CAVE People Are Killing Progress

At a legislative hearing chaired by Assemblyman Rich Gordon, testimony included a comment that the BART system was created by a single Board of Supervisors’ vote in Contra Costa County.

How many people are against BART today? You can’t find them. And why do Santa Clara County residents have to fork over billions of dollars to get BART to San Jose now? It’s because some morons in San Jose in the 1960s and their sheepish leaders voted against being included in the system.

It was a huge and costly mistake for the rest of us.

Every major project has Citizens Against Virtually Everything (CAVE) people fighting against it. They hold up every good project, they hurt our economy, our progress and cost us money.

But how many times can these people be wrong before they simply go away?

Who among us would remove the Golden Gate Bridge, HP Pavilion, the Metcalf Energy Center in Coyote Valley, the McEnery Convention Center, the Fairmont, AT&T Park in San Francisco, Highway 85 and 87 and don’t forget that “freeway to nowhere,” Interstate 5?

The most recent CAVE people hail from the peninsula, and more than a few are from San Jose—yes, the same lineage that voted against bringing BART to San Mateo and Santa Clara now oppose high-speed rail. To hear them whine, this fast, quiet, non-polluting train would split their towns, ruin their view and provide unmitigated disaster to their humble hamlets.

Really? Has anybody noticed the 19th-century diesel train that spews pollution, is loud and noisy, has heavy train stock, kills unstable kids and adults and runs an operating deficit that is currently in their backyard?

These same people hail that system and expect the rest of us to subsidize it indefinitely.

But the fight goes on, as Gov. Jerry Brown said in a recent Los Angeles Times article referring to the CAVE people mentality. “It is part of the reason we can’t get anything done in this state,” he said.

Brown didn’t add, but could have, that if voters had embraced this technology when he proposed it the first time he was governor, in 1974, we would be way ahead of the rest of the world. But the Governor is too polite to say, “I told you so.”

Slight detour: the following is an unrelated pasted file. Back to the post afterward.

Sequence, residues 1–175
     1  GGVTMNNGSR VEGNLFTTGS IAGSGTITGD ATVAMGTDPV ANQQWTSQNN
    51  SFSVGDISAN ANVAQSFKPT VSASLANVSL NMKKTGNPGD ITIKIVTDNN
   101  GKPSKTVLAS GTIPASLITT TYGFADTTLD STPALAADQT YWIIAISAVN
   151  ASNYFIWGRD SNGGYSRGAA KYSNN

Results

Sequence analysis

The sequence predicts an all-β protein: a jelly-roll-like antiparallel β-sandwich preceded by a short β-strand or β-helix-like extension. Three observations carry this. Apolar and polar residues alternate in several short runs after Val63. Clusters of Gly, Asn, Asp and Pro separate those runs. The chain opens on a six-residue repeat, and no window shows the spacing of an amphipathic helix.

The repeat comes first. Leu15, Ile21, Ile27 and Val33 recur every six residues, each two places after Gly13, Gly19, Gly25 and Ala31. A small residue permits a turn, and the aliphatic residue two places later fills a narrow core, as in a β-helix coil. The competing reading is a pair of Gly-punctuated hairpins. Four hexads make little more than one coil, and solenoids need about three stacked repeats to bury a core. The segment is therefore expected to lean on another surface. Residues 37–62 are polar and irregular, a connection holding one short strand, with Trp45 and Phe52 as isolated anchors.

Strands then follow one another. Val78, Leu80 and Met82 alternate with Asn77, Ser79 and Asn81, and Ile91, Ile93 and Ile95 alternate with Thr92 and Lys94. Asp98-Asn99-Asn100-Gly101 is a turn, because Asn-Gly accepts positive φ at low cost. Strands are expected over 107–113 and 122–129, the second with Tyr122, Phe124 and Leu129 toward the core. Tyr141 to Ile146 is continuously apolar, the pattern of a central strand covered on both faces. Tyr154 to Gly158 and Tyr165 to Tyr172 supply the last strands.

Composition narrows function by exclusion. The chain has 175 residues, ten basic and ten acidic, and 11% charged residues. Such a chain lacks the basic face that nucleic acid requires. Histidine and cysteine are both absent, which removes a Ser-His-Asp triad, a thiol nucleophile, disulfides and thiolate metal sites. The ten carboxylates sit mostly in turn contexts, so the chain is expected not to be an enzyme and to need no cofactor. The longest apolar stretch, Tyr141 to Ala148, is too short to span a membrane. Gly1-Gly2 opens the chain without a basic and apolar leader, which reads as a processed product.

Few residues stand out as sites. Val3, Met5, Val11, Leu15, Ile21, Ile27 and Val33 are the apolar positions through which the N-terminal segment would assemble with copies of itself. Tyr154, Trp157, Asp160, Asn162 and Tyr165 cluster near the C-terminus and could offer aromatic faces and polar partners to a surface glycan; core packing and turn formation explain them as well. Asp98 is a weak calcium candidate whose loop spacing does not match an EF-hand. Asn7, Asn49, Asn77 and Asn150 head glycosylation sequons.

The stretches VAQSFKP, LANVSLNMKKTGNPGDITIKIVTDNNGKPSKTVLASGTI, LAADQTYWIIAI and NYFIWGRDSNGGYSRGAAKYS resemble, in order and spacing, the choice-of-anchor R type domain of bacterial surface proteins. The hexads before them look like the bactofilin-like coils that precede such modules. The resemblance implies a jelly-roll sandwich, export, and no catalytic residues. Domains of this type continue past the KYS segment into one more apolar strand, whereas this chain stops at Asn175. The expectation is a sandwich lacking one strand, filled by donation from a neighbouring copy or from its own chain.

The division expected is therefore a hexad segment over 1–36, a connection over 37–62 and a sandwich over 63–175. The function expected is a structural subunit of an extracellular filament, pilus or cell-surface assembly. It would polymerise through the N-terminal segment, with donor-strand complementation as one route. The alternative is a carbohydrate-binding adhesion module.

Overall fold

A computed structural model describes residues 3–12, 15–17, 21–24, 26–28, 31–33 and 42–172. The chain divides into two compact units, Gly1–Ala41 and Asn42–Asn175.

I, on the other hand, don’t suffer any such restraint.

Rich Robinson is a political consultant and author of “The Shadow Candidate”.  He is currently under contract with the High-Speed Rail Authority.

Rich Robinson is an attorney and political consultant in Silicon Valley.

28 Comments

  1. Maybe if this dump of a city were on the right track , there wouldnt be so many haters.Maybe if we could stop the corruption in city hall , there wouldnt be so many haters.maybe if we werent being forced to vote ao an illegal ballot measure , there wouldnt be so many haters. Maybe if we werent giving away valuable real estate away @ a fraction of the cost…….to a BILLIONAIRE , there wouldnt be so many haters. maybe if the Mayor hadnt transferred RDA debt to the General Fund , there wouldnt be so many haters. Maybe if we had more jobs and Less Low-Income Housing , there wouldnt be so many haters.maybe if the City Manager truely did a “nation wide search” for top jobs ( instead of just picking who she wants) there might not be so many haters. the list of things wrong with city is long and disgusting. Maybe if we had enough public safety for the needs of this city, there might not be so many haters( lowest staffed public safety in the country all the while being the 10th largest city!)

  2. City of SJ spends BILLIONS at SJC… it has never made a dime.  It is fully subsidized, at hundreds of millions of dollars a year via the “Special” fund, separate from the underfunded General fund which is suspiciously in a state of “emergency.”

    Unsurprisingly, it’s still a money pit- with lowest number of traveler’s… again.  mayor Reed is still pro-SJC yet advocating aggressively to curb employee benefits instead.

    http://www.mercurynews.com/bay-area-news/ci_19359801

    • For the San Jose Airport to even approach a financial secure posistion will require a tremendous increase in the number of flights.  Of course, this increase will destroy what little quality of life is left in this area.

      Move this albatross to Hollister.

  3. At some point this info needs to get to the citizens of SJ, instead of a few bloggers:

    Turn on any local news program, or read any local newspaper and you will likely find Mayor Reed pitching his pension reform plan as enthusiastically as Ron Popeil pitches his Chop-O-Matic on late night television.  Relentless in his pursuit, he is now waving next year’s projected budget deficit of $78-$115 million like a bloody shirt.

    In his November Newsletter, before moving on to more important issues like gifting millions in city owned assets to the A’s, he quickly dismisses a pension reform proposal presented by 5 of the city’s unions, including police officers and firefighters, which could have saved San Jose taxpayers nearly a half billion dollars.

    To explain his decision, Mayor Reed indicates that the plan would provide zero immediate savings in the next fiscal year. This assertion is ridiculous on its face.